Archived Announcements

February 15 2013

Internship Opportunities for Students at NCEH and ATSDR

The Centers for Disease Control and Prevention’s National Center for Environmental Health and the Agency for Toxic Substances and Disease Registry (NCEH/ATSDR) offer paid 10-week summer internship programs for students who are passionate about the environment, interested in human health, and curious about how they are linked. During the course of the internship, students are introduced to environmental health at the federal level through collaborative projects, experiential learning opportunities, environmental health presentations, journal clubs, field trips, brown bag lunches, and mentoring relationships at NCEH/ATSDR.  Interns will be based at NCEH/ATSDR’s Chamblee, GA Campus.

For more information, please visit the programs web site:

Summer Program in Environmental Health (www.cdc.gov/nceh/ehs/SUPEH)

-Open to students who are enrolled fulltime in EHAC-accredited Environmental Health programs as a rising junior, senior, or graduate student.

-Application deadline: February 15th, 2013

-Contact: EHInternship@cdc.gov

Graduate Environmental Health program (www.cdc.gov/nceh/geh)

-Open to graduate students who are currently enrolled in a degree granting program. Students graduating in Spring 2013 are eligible for this opportunity.

 -Application deadline: February 27th, 2013

 -Contact: GEH@cdc.gov

Sponsored by: CDC NCEH/ATSDR
Announcement type: General Announcements

January 31 2013 to February 28 2013

KC Donnelly Externship Supplement Awards

This is an exciting opportunity to provide interdisciplinary experiences for SRP graduate students and post-docs either directly supported or conducting research supported by an SRP P42 or R01 grant.In honor of KC Donnelly, this supplemental award provides current SRP-funded graduate students and post-doctoral researchers with funding to pursue translational/transdisciplinary opportunities and experiences within other SRP-funded centers, government laboratories (EPA, ATSDR, NIEHS), or other agencies (state, local,Tribal).For more information, please review the KC Donnelly Externship Guidelines.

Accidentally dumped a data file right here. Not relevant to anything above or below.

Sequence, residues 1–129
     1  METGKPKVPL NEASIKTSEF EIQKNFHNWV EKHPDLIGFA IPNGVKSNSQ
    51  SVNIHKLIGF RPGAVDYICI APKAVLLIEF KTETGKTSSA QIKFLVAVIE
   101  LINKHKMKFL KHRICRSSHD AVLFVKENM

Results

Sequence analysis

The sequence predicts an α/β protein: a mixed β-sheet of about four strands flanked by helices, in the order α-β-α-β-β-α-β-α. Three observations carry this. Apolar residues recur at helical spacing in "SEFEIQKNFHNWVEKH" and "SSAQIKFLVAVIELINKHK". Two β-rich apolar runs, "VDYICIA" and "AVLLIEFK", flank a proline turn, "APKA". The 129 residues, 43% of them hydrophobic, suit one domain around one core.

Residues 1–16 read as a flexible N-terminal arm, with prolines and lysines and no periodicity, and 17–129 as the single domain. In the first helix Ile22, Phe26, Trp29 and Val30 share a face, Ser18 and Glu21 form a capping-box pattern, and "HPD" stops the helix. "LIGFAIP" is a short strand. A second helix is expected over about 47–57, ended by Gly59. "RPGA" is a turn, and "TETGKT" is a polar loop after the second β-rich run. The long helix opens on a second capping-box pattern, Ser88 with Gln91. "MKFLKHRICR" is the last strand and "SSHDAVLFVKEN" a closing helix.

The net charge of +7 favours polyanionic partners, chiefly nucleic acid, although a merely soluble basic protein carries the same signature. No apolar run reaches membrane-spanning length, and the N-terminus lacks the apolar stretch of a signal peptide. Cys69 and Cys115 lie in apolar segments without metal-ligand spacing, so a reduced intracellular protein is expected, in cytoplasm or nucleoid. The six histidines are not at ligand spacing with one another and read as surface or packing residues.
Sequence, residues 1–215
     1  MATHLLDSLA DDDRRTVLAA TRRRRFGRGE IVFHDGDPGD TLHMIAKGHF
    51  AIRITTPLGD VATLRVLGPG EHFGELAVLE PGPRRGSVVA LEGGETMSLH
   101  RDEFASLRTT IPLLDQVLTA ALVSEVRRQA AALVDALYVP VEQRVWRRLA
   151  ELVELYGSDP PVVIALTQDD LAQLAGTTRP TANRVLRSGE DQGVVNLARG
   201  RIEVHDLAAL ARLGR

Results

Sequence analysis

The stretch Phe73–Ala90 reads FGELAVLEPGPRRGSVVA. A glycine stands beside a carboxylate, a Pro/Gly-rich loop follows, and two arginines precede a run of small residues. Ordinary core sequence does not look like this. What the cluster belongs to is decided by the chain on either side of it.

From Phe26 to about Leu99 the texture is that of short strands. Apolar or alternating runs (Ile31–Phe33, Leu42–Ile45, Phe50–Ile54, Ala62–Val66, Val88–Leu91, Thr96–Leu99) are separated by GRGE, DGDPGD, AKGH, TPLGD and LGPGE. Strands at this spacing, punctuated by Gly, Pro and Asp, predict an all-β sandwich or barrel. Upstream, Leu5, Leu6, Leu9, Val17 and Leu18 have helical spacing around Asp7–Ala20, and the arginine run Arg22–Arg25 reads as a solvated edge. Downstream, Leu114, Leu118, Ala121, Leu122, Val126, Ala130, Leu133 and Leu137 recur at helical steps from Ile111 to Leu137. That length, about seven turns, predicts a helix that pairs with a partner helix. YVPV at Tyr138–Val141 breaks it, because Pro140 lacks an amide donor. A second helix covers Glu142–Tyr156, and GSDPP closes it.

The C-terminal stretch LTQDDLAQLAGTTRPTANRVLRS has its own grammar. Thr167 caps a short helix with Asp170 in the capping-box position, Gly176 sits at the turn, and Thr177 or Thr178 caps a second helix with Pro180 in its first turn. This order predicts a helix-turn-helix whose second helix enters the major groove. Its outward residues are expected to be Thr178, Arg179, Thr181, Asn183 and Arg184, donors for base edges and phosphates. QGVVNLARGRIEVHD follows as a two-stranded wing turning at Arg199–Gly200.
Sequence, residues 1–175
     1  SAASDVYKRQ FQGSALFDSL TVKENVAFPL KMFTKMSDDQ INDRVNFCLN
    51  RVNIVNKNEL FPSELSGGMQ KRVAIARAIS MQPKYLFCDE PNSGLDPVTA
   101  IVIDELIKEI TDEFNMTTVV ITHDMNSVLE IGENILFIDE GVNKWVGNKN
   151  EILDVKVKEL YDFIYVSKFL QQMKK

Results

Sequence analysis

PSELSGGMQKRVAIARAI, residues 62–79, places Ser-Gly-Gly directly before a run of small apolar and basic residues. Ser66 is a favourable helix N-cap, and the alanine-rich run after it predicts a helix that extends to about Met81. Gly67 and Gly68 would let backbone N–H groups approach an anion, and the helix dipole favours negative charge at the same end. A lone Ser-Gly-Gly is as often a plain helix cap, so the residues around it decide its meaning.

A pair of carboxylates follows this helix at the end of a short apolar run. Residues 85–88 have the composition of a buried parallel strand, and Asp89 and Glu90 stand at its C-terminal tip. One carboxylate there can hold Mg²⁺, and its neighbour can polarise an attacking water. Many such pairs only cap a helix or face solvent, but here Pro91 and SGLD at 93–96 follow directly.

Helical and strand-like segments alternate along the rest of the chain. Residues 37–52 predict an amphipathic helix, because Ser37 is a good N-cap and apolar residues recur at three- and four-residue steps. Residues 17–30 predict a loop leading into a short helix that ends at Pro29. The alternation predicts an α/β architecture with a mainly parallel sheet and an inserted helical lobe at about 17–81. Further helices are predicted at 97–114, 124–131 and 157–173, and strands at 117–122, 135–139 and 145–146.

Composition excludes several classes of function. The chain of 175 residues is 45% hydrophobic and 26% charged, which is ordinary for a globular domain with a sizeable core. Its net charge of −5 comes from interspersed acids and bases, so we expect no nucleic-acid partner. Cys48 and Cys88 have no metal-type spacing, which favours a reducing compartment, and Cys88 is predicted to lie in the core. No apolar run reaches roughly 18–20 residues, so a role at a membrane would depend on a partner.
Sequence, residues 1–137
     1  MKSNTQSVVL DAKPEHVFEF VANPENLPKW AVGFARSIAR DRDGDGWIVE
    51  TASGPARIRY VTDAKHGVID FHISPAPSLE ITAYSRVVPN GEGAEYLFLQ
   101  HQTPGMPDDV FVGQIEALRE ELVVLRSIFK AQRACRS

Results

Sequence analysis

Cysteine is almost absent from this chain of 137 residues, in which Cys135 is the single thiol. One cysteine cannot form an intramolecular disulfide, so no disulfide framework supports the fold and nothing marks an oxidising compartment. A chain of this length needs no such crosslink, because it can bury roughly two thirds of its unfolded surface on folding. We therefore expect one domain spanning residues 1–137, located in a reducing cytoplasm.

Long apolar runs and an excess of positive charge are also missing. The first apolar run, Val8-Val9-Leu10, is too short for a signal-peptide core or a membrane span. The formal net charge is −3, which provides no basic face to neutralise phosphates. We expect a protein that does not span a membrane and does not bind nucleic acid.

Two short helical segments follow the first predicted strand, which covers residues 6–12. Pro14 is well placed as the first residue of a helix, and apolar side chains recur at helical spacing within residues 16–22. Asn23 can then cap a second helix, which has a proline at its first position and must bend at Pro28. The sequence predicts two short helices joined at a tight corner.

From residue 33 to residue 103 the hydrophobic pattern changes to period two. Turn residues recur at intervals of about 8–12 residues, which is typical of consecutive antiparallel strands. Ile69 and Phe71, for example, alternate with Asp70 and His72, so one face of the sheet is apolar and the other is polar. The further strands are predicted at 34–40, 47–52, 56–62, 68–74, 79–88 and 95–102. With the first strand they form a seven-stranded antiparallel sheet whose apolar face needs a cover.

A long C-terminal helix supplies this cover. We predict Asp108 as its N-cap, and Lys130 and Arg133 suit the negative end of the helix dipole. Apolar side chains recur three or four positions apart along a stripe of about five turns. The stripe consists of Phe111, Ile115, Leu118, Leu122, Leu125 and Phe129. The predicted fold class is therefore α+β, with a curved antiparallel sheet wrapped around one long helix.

Sponsored by: NIEHS Superfund Research Program
Announcement type: General Announcements

November 1 2012

Study suggests large investment in Bangladesh water supply infrastructure would be justified

Two of Columbia's SRP Community Engagement Core scientists Sara Flanagan and Yan Zheng along with their colleague Richard Johnston published a paper in the November 2012 WHO Bulletin examining the health and economic impacts and implications for the mitigation of arsenic in tube well water in Bangladesh. A recent survey in Bangladesh estimates that 35 to 77 million people have been chronically exposed to arsenic in their drinking water. The health implications of chronic arsenic exposure in such a large population are substantial. Interventions in areas with the highest proportion of unsafe wells are likely to reach the population exposed to the highest arsenic concentrations and therefore at highest risk of experiencing adverse health outcomes. This paper provides evidence that large investments in the water supply infrastructure to reduce levels of arsenic in drinking water is economically justified when the health and economic burdens of unabated arsenic exposure are considered.

Citation:

Flanagan, S.V., R.B. Johnston,and Y. Zheng. 2012. Arsenic in tube well water in Bangladesh: health and economic impacts and implications for arsenic mitigation.Bulletin of the World Health Organization 2012;90:839-846. doi: 10.2471/BLT.11.101253

Related link(s):
Announcement type: CU SRP Publications

October 24 2012

NIEHS celebrates SRP Silver Jubilee